Question: Will the recent free fall of the euro hurt sales of new and existing condominium units in Miami?
Miami right now probably feels quite expensive compared to last year for returning international visitors who are armed with euros, the official currency of 19 countries in the European Union.
The current exchange rate to convert euros into U.S. dollars stood at about $1.178 on Thursday, following a steep drop in value resulting from a surprise monetary move this week by the Swiss Central Bank, according to the foreign exchange trading website OANDA.com.
Some currency watchers say Switzerland’s sudden maneuver to protect its currency, the franc, could send Western Europe’s primary currency plummeting against the dollar in the weeks and months ahead.
The current exchange rate is the weakest the euro has been against the dollar on the date of Jan. 15 since back in 2003, when the currency was worth about $1.055. In the more than a decade since the 2003 level, the euro has had a value ranging from between $1.265 and $1.485.
A year ago on Jan. 15, 2014, a euro was worth $1.367, according to OANDA.com.
The dramatic drop in the euro means that everything in Miami, from hotel rooms to bottle service at nightclubs, and rental cars to condo purchases, now costs about 14 percent more than a year ago, according to OANDA.com.
A deeper weakening of the euro could diminish Miami’s reputation as a cheap, must-see global destination for vacations, shopping sprees and real estate investments with Western European visitors.
For their part, Western Europeans are a key part of the crucial pool of international buyers purchasing real estate in South Florida, according to the 2014 Profile Of International Home Buyers In Florida report released in September by the Florida Realtors.
Buyers from Western Europe purchasing in South Florida accounted for 8 percent of all international sales in the Latin American-dominated Miami area, 18 percent in Fort Lauderdale and 24 percent in the Palm Beach area.
Statewide, the report concludes that buyers from Western Europe paid a mean price of $321,500 per transaction for Florida real estate with some 85 percent of the deals transacting in cash.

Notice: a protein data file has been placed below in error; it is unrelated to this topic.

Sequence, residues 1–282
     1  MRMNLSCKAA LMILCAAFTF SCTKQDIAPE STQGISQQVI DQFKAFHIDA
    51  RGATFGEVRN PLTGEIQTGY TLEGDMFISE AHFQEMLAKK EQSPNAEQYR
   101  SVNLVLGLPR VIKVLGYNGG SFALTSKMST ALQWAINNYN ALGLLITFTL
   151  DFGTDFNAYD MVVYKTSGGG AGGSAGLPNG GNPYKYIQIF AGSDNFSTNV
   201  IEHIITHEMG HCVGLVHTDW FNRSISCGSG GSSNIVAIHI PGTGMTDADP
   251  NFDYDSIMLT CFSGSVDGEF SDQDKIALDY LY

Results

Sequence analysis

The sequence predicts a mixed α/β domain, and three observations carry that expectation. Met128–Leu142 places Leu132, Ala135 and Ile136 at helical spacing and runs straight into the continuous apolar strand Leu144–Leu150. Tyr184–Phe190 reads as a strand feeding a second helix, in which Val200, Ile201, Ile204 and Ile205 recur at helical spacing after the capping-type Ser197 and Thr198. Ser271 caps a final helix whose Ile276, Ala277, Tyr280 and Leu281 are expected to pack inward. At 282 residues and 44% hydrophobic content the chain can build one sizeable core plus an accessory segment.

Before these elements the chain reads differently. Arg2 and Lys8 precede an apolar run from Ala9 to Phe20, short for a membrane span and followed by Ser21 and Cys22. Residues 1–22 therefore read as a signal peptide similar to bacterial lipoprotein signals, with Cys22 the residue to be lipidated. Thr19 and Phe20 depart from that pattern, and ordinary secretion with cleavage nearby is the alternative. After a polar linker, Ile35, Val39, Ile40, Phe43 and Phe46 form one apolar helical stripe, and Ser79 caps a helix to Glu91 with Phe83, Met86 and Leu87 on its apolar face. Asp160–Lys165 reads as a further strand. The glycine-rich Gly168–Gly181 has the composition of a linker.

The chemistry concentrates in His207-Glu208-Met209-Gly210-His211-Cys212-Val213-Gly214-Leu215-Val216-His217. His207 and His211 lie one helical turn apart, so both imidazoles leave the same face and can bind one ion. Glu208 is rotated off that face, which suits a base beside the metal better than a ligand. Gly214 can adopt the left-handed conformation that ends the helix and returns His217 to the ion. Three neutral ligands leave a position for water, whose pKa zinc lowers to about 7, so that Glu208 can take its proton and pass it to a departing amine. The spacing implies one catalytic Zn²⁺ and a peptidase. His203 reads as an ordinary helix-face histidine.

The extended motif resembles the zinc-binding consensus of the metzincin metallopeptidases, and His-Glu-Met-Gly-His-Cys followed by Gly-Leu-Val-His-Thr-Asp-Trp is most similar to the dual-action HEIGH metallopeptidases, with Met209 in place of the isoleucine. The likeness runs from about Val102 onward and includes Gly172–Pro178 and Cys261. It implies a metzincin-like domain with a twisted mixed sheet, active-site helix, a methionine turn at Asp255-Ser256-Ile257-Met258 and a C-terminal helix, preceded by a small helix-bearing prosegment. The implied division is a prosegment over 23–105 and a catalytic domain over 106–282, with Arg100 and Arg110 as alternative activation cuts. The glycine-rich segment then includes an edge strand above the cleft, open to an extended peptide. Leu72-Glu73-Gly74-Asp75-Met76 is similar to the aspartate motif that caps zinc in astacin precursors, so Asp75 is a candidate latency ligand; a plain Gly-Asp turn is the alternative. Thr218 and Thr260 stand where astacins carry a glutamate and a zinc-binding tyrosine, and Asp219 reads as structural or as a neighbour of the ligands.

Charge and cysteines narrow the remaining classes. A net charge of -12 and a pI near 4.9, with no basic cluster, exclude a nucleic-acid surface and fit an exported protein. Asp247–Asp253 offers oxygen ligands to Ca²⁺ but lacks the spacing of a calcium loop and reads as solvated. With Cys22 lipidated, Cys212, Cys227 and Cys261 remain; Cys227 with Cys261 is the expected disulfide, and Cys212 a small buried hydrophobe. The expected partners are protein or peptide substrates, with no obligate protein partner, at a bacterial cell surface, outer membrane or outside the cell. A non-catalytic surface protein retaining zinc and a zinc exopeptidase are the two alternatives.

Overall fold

Price statistics for Western Europeans who purchase in the South Florida region are unknown as the Florida Realtors report does not address that topic.
What is known is that South Florida’s condo market east of Interstate 95 has a growing pool of available inventory that needs buyers, whether they originate from Western Europe, Latin America or the Northeast.
An estimated 6,400 new condo units are scheduled to be completed this year east of Interstate 95 in South Florida with an additional 6,700 units slated to be delivered in 2016 and 5,000 more units in 2017, according to the preconstruction condo projects website CraneSpotters.com. (For disclosure, my firm operates the website.)
An additional 12,750 condo units are currently on the resale market east of Interstate 95 in the tri-county South Florida region. The number of condo units currently on the resale market represents nearly nine months of available inventory.
Ideally, a healthy market has about six months of supply available for resale. More months of supply suggests a buyer’s market and less months a seller’s market.
The unanswered question going forward is whether South Florida’s current condo boom will be able to maintain its momentum of recent years, if buyers from Western Europe find it more expensive to buy units in the tri-county region.
Thought Of The Week: South Florida Condos “Not Priority” For Russian Investors
At a time when the U.S. currency’s run-up in value is prompting some Wall Street experts to predict the beginning of the next King Dollar era, Russian condo buyers – who have seen their home country’s currency tumble by nearly half in the last year – are reportedly rethinking the necessity to own multiple beachfront condo units in the tri-county region.
“An apartment in Miami, even the most glorious beachfront apartment, is not a priority right now,” New York Attorney Marlen Kruzhkov reportedly said in a recent press report.
This sentiment from Russian investors – a key buying pool in the tri-county region for at least the last two decades – cannot be good news for sellers of new and existing condos in South Florida who are seeking top dollar for their luxury units.
Peter Zalewski is a real estate market consultant, non-practicing licensed real estate broker and columnist for The Real Deal who now answers reader questions about the South Florida real estate market in a new weekly Friday column. Questions and comments can be sent to firstname.lastname@example.org. The TRD editors will choose which submissions will be addressed.